by Wine Owners


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Posted on 2019-04-05


Weather-wise the 2018 growing season was a game of two halves; the first half was excessively wet and was followed by a hot drought through to harvest.

As well as the drought, mildew pressure affected the left bank and Graves, in some cases wiping out 60-80% of the potential crop. The right bank fared better on this front as the clay soils had the upper hand on fighting the drought due to higher levels of water retention.

Merlot was always most likely to be affected by the vintage’s heat, with some properties seeing alcohols rise quickly through fermentation, topping out at 15-16 degrees. Because of this it is assumed that this is a left bank vintage. But merlot came in with the highest alcohols off warmer gravel beds of the left bank than it did on the predominantly cooler clay soils of the right bank.

2018 has produced a singular vintage and one of the most heterogeneous we have tasted en primeur. Estates that tamed the heat, sugar, pHs and tannins resulted in bold expressive wines with massive aging potential, the very best of which may well become legends. Concentration was the word most employed by scribes.

Maybe more than ever, it’s a year where terroir appears to have played a significant part in cutting the grade. However unfair this may seem, the best soils and expositions tended to deliver the best wines and the 1855 classification played out well. As such it’s a year in which Petrus, the First Growths and the best bit of the St. Emilion plateau (Canon, Cheval Blanc, Clos Fourtet) all excelled.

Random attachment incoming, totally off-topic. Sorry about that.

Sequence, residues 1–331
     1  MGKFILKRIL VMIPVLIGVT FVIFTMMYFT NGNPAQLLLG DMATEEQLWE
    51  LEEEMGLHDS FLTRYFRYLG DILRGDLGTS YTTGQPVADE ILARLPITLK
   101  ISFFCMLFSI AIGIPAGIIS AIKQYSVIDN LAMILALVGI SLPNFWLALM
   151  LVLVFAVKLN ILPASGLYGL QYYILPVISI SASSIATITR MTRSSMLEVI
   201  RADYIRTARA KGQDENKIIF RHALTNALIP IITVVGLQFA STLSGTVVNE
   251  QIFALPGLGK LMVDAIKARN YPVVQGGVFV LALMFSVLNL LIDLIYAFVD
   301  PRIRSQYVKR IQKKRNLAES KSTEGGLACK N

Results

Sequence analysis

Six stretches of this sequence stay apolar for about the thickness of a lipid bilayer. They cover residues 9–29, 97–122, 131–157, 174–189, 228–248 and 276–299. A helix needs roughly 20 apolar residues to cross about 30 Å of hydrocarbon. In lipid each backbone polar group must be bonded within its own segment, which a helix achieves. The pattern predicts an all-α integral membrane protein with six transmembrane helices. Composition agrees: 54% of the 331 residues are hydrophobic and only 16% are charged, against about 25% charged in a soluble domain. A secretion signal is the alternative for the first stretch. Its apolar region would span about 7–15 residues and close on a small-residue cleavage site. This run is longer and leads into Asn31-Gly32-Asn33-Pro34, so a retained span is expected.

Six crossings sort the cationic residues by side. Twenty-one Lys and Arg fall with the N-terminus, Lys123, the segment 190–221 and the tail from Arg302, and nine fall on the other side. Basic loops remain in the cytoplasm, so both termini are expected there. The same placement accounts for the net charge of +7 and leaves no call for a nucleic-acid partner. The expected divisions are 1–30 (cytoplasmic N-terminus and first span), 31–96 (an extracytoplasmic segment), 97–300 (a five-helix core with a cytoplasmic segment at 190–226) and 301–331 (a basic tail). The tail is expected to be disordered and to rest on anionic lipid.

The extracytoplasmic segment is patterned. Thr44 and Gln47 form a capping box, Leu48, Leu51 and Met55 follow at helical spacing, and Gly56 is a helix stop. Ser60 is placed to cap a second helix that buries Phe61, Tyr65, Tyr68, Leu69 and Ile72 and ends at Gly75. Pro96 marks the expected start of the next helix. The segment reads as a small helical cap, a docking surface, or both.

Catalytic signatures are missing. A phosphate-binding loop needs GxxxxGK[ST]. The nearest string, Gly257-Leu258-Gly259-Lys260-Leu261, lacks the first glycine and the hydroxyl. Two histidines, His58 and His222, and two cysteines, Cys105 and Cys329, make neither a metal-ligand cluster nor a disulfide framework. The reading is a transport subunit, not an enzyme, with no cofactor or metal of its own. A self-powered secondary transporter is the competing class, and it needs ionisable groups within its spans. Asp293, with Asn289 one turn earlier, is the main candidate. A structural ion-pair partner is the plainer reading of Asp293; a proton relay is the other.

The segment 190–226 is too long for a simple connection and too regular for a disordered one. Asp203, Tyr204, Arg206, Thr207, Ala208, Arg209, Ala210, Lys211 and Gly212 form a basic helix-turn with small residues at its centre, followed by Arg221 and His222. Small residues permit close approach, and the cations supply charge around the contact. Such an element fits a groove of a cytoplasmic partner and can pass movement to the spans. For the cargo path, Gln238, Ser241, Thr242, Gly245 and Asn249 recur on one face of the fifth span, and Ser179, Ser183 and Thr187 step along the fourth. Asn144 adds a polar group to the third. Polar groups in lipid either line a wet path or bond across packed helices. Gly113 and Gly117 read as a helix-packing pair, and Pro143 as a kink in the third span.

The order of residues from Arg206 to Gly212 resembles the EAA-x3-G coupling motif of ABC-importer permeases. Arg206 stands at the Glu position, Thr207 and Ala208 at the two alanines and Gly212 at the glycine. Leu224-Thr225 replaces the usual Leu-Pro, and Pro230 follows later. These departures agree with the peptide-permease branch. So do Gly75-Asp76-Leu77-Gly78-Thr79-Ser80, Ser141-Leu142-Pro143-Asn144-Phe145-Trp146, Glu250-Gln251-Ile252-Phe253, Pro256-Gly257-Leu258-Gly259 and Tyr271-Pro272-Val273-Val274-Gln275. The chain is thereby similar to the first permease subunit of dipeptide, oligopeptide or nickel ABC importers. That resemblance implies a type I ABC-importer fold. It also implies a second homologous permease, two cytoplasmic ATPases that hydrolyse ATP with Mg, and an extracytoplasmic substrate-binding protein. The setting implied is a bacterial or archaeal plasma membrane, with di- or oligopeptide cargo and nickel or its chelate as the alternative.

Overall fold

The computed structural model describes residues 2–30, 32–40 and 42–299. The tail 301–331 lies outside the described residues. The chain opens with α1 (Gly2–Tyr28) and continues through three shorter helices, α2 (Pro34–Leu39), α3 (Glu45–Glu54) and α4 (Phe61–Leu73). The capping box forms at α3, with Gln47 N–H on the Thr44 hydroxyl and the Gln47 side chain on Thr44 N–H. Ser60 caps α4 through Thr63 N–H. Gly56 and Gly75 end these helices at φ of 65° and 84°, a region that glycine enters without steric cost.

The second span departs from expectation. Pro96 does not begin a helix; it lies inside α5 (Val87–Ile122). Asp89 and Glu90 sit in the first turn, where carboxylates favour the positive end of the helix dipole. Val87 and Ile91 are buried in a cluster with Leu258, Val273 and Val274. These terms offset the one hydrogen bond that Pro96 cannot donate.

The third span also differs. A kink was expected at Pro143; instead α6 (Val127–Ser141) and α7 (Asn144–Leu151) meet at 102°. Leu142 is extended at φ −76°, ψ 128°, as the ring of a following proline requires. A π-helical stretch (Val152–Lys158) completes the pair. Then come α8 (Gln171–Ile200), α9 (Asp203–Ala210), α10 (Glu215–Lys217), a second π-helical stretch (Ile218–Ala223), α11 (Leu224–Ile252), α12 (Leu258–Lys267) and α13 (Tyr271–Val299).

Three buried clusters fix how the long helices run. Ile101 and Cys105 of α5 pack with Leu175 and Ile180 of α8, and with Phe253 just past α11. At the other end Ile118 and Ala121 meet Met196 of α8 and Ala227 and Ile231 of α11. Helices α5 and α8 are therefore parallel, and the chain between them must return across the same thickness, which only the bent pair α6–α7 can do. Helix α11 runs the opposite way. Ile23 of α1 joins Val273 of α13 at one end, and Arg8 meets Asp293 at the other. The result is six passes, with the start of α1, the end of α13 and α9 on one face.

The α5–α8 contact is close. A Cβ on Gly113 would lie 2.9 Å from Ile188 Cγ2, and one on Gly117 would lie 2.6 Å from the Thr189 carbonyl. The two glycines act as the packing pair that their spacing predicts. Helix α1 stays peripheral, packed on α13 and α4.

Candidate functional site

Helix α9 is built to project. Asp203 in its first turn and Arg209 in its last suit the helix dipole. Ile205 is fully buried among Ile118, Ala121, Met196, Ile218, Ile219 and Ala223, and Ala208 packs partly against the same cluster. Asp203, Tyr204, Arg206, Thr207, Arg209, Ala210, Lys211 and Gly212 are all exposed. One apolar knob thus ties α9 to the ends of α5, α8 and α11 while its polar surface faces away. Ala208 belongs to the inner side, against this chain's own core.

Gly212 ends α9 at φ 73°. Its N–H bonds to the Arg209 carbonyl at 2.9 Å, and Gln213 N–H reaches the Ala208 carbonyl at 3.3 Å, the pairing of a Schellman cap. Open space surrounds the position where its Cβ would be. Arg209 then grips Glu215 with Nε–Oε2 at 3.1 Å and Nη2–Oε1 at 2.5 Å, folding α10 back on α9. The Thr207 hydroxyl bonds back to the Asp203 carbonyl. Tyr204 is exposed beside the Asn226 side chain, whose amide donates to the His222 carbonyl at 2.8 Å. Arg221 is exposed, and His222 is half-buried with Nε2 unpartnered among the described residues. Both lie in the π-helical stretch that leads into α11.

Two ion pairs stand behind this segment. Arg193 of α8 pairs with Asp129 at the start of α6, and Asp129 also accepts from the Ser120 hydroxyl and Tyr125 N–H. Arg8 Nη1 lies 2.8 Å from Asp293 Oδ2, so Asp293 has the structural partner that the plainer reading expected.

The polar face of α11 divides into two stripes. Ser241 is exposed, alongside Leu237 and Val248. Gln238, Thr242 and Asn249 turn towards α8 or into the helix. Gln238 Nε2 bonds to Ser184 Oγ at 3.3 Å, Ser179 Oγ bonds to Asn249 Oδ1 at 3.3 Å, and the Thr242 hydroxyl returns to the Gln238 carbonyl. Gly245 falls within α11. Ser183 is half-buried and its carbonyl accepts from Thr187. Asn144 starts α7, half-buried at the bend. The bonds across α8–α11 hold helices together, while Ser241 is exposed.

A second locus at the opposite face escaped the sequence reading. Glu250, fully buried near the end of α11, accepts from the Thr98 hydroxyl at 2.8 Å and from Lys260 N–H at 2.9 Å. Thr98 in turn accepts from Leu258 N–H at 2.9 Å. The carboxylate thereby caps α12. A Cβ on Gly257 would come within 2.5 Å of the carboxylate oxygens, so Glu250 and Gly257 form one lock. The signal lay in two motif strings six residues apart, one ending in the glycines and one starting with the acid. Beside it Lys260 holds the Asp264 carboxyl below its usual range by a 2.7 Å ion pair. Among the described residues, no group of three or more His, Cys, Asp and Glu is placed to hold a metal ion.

Wine Owners - Haut Bailly


As usual, there were plenty of superlatives being thrown around; Monsieur Tesseron of Pontet Canet claimed “this is clearly the best modern day vintage we have produced, better than ’16 which was better than ’10”. There is little doubt there will be some huge scores from the naturally ebullient.

There are also great disappointments and plenty to avoid. Margaux, Graves and St. Estephe were probably the most inconsistent appellations whilst the others all had their ups and downs.

It’s a hot vintage with big, bold and powerful wines: an absolute joy for some palates but maybe just too much for others. We look forward to the in-bottle tastings but in the meantime let us wait, with bated breath, for the prices!

Top picks by appellation followed by the ‘ones for the notebook’ wines:

St. Estephe: Cos d’Estournel, Montrose, Lafon Rochet

Pauillac: Grand Puy Lacoste, Lafite, Latour, Pedesclaux, Pichon Baron

St. Julien: Branaire Ducru, Gruaud Larose, Lagrange, Leoville Barton, Leoville Las Cases, Talbot

Margaux: Malescot St. Exupery, Margaux, Pavilion Rouge, Rauzan Segla

Graves: Carmes Haut Brion, Clarence de Haut Brion, Domaine de Chevalier, Haut Bailly

St. Emilion: Canon, Cheval Blanc, Clos Fourtet, Petit Cheval, Quinault L’Enclos, Villemaurine

Pomerol: Gazin, Rouget, Petrus, Vieux Chateau Certan

And ‘ones for the notebook’ (good value and/or under the radar): Chantegrive, Chateau de Pez, Croizet-Bages, La Dominique, Lagrange, Langoa Barton, Monbrison, Segla


Posted in: Market news and analysis, on 2019-04-05.
Tags: #bdx18, Bordeaux, Bordeaux 2018, en primeur, fine wine, First Growths, wine,

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